Kristin Lenke, B.S. ’10, a first year student in the Pharmacy Program at the University of Arkansas for Medical Sciences, didn’t always feel at home in the laboratory. But the many hands-on experiences she had as a biology major at Henderson changed all that. “I remember being so intimidated by the thought of research and working in a lab,” she said. “But once I got started, I realized that my [Henderson] teachers had given me the proper tools and knowledge to perform my own experiments and draw conclusions.”
In addition to teaching classes for two semesters as part of the Undergraduate Teaching Assistant Program, Kristin was involved with several research projects. These included one for which she analyzed local plant specimens for their evolutionary origin and another one concerning the genetics of cave microorganisms in Blanchard Springs Caverns in Stone County, Ark. She said these opportunities helped her to gain confidence in the lab and experience with laboratory equipment and processes. They also gave her the “competitive edge” she needed to be accepted to pharmacy school, she said.
Other experiences, like studying abroad in South America, made her education even more meaningful for her, she said. “I remember learning about the decaying health of the coral reef, but it meant so much more when I was able to see the coral reef in Panama and see the effect that it had on the ecosystem,” she recalled.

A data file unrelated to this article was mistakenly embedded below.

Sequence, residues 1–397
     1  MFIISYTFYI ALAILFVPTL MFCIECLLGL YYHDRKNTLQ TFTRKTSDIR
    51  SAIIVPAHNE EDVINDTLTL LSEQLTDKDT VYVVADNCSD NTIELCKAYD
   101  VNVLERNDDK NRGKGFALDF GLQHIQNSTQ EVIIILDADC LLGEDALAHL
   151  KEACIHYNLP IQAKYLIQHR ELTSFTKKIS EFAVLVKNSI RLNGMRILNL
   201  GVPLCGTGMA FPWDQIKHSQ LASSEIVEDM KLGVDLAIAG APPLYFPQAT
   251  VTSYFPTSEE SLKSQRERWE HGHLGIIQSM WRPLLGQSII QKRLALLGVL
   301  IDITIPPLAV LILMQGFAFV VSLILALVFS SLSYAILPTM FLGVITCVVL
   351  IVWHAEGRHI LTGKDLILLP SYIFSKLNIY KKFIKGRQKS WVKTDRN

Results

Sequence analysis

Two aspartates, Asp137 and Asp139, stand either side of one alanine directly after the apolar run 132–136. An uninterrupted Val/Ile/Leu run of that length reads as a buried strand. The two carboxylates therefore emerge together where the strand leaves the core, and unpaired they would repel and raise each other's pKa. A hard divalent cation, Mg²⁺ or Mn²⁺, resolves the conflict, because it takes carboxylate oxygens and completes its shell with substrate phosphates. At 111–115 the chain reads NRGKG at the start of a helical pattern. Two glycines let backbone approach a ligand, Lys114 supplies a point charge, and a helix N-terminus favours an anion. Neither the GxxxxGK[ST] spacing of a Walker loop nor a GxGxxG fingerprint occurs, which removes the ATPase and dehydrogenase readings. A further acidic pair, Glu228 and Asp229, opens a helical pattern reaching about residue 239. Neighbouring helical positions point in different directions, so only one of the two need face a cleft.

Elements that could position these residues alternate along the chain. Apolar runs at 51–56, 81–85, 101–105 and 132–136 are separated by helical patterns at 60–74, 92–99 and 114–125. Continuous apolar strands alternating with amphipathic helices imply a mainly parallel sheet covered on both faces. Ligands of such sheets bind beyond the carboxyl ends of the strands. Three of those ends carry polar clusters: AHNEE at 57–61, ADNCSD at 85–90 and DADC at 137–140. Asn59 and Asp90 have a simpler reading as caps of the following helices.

Overall, Kristin said she has felt prepared for her first year in pharmacy school because of the rigors of Henderson’s program and dedication of the professors. “I felt that Henderson’s biology department was very challenging, which gave me the discipline to help me face the challenges of pharmacy school,” she said. “The teachers challenged me and gave me the confidence to help me reach my full academic potential. I've come into pharmacy school, not only feeling prepared, but ahead of the game."